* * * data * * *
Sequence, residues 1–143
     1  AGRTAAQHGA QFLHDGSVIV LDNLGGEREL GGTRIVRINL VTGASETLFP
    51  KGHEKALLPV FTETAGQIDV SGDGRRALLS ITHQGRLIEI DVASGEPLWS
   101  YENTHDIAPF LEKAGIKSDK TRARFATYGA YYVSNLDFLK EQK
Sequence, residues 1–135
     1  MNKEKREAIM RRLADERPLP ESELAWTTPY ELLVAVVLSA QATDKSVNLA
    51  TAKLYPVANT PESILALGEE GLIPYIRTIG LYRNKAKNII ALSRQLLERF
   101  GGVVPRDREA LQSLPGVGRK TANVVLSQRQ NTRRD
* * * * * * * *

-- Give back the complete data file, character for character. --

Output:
Sequence, residues 1–143
     1  AGRTAAQHGA QFLHDGSVIV LDNLGGEREL GGTRIVRINL VTGASETLFP
    51  KGHEKALLPV FTETAGQIDV SGDGRRALLS ITHQGRLIEI DVASGEPLWS
   101  YENTHDIAPF LEKAGIKSDK TRARFATYGA YYVSNLDFLK EQK
Sequence, residues 1–135
     1  MNKEKREAIM RRLADERPLP ESELAWTTPY ELLVAVVLSA QATDKSVNLA
    51  TAKLYPVANT PESILALGEE GLIPYIRTIG LYRNKAKNII ALSRQLLERF
   101  GGVVPRDREA LQSLPGVGRK TANVVLSQRQ NTRRD